References

  1. 1.
    Benson C, Kaye S, Workman P, Garrett M, Walton M, deBono J (2005) Clinical anticancer drug development: targeting the cyclin-dependent kinases. Br J Cancer 92:7–12PubMedCrossRefGoogle Scholar
  2. 2.
    Dupont J, Bienvenu B, Aghajanian C, Pezzulli S, Sabbatini P, Vongphrachanh P, Chang C, Perkell C, Ng K, Passe S, Breimer L, Zhi J, DeMario M, Spriggs D, Soignet SL (2004) Phase I and pharmacokinetic study of the novel oral cell-cycle inhibitor Ro 31–7453 in patients with advanced solid tumors. J Clin Oncol 22(16):3366–3374PubMedCrossRefGoogle Scholar
  3. 3.
    Fischer PM, Gianella-Borradori A (2003) CDK inhibitors in clinical development for the treatment of cancer. Expert Opin Investig Drugs 12(6):955–970PubMedCrossRefGoogle Scholar
  4. 4.
    Fischer PM, Gianella-Borradori A (2005) Recent progress in the discovery and development of cyclin-dependent kinase inhibitiors. Expert Opin Investig Drugs 14:457–477PubMedCrossRefGoogle Scholar
  5. 5.
    Gorgoulis VG, Zacharatos P, Kotsinas A, Mariatos G, Liloglou T, Vogiatzi T, Foukas P, Rassidakis G, Garinis G, Ioannides T, Zoumpourlis V, Bramis J, Michail PO, Asimacopoulos PJ, Field JK, Kittas C (2000) Altered expression of the cell cycle regulatory molecules pRb, p53 and MDM2 exert a synergetic effect on tumor growth and chromosomal instability in non-small cell lung carcinomas (NSCLCs). Mol Med 6(3):208–237PubMedGoogle Scholar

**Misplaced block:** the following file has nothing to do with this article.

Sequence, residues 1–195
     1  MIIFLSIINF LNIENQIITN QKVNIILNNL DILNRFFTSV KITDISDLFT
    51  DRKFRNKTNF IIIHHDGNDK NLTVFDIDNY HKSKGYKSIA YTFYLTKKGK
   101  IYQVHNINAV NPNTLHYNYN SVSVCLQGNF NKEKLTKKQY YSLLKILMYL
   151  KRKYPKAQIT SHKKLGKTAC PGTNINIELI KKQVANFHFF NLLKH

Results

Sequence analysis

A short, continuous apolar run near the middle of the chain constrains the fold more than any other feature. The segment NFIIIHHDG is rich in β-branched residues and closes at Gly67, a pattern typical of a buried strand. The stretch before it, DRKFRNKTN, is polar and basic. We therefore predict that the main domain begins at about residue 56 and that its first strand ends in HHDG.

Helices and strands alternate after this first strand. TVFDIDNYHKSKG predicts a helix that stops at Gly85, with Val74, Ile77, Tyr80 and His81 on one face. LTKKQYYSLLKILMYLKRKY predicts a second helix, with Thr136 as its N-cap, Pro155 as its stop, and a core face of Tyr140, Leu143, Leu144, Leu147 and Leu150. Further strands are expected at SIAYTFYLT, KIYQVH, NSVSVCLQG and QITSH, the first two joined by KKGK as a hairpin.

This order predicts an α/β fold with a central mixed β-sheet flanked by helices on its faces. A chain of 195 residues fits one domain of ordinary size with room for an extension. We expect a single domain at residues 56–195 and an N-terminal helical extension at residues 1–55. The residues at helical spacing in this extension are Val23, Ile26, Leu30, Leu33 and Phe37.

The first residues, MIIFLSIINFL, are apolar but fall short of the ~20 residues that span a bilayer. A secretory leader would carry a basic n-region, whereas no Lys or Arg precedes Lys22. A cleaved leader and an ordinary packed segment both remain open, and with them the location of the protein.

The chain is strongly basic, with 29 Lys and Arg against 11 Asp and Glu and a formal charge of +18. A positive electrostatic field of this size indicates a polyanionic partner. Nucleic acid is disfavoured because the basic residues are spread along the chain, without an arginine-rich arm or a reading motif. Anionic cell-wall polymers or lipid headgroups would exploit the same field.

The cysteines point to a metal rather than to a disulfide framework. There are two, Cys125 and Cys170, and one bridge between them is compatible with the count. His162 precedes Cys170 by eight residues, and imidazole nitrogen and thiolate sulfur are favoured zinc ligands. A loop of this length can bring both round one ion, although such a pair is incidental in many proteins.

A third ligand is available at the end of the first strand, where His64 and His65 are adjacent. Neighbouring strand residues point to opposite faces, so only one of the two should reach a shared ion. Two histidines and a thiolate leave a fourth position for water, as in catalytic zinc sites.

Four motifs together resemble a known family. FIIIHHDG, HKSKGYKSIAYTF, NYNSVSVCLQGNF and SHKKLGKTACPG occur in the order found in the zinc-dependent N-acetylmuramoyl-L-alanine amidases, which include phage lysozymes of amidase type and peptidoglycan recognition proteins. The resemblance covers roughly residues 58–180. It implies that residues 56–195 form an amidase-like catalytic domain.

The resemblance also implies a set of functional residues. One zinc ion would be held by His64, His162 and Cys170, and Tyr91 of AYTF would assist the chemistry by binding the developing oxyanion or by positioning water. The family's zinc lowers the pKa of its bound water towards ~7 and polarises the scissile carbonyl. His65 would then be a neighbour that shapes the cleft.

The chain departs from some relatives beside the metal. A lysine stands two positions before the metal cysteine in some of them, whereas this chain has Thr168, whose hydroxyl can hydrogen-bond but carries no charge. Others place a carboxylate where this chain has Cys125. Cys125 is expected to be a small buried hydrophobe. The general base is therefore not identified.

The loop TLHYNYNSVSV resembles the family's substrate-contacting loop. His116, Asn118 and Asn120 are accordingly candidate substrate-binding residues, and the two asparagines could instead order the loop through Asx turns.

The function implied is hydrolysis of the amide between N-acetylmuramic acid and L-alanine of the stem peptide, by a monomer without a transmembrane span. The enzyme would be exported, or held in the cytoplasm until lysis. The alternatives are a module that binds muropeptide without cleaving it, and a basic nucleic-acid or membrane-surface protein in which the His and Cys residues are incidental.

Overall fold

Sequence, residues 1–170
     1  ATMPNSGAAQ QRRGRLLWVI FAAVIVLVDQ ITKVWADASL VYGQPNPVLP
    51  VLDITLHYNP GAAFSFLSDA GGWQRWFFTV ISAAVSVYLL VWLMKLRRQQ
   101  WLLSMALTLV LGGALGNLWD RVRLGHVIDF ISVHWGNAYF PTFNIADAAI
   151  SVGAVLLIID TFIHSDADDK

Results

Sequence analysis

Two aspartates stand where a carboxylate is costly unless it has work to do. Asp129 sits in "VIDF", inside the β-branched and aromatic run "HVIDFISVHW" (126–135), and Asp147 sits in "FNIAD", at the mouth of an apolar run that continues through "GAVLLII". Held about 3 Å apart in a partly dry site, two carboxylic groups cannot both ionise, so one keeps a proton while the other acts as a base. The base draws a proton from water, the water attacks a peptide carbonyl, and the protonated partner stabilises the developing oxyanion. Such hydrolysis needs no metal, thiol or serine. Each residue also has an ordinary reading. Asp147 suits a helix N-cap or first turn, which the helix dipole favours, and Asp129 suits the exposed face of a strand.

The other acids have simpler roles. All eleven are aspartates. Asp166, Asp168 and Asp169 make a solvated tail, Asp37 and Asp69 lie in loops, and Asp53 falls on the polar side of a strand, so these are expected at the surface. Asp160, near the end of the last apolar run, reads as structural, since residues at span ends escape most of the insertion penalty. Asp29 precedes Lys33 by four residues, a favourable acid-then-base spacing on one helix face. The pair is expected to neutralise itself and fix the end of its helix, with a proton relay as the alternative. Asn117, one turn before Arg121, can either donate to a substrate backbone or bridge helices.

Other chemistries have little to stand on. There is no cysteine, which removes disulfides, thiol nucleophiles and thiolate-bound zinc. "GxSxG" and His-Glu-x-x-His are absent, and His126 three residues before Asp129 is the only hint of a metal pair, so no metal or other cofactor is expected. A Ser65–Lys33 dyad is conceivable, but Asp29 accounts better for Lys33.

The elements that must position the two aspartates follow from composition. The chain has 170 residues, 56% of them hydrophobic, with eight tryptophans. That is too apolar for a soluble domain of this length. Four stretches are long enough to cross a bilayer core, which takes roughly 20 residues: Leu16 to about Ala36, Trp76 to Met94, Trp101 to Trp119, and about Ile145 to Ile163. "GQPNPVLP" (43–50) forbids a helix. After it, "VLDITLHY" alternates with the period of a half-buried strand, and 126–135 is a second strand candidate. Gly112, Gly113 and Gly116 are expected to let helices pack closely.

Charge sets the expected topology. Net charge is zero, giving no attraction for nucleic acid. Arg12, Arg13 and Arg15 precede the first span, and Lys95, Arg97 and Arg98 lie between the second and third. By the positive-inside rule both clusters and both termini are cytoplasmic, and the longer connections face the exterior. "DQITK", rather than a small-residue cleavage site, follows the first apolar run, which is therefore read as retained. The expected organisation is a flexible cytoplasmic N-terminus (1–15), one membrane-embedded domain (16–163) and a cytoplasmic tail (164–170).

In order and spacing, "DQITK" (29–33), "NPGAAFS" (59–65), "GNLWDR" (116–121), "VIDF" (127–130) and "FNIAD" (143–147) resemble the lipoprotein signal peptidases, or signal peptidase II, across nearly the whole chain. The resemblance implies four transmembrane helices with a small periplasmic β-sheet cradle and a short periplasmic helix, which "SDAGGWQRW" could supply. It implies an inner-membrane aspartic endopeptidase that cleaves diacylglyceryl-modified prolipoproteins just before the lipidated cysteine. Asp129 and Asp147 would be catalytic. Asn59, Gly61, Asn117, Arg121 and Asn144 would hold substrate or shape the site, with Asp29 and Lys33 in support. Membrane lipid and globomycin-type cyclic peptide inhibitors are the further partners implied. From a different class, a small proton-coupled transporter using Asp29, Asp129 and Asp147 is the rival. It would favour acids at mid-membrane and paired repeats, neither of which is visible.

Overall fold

6. 6.
    Gugger M, Kappeler A, Vonlanthen S, Altermatt HJ, Ris HB, Lardinois D, Borner MM, Heighway J, Betticher DC (2001) Alterations of cell cycle regulators are less frequent in advanced non-small cell lung cancer than in resectable tumours. Lung Cancer 33(2–3):229–239PubMedCrossRefGoogle Scholar
  7. 7.
    Le Frere-Belda MA, Gil Diez de Medina S, Daher A, Martin N, Albaud B, Heudes D, Abbou CC, Thiery JP, Zafrani ES, Radvanyi F, Chopin D (2004) Profiles of the 2 INK4a gene products, p16 and p14ARF, in human reference urothelium and bladder carcinomas, according to pRb and p53 protein status. Hum Pathol 35(7):817–824PubMedCrossRefGoogle Scholar
  8. 8.
    Lundberg AS, Weinberg RA (1998) Functional inactivation of the retinoblastoma protein requires sequential modification by at least two distinct cyclin-cdk complexes. Mol. Cell. Biol 18:753–761PubMedGoogle Scholar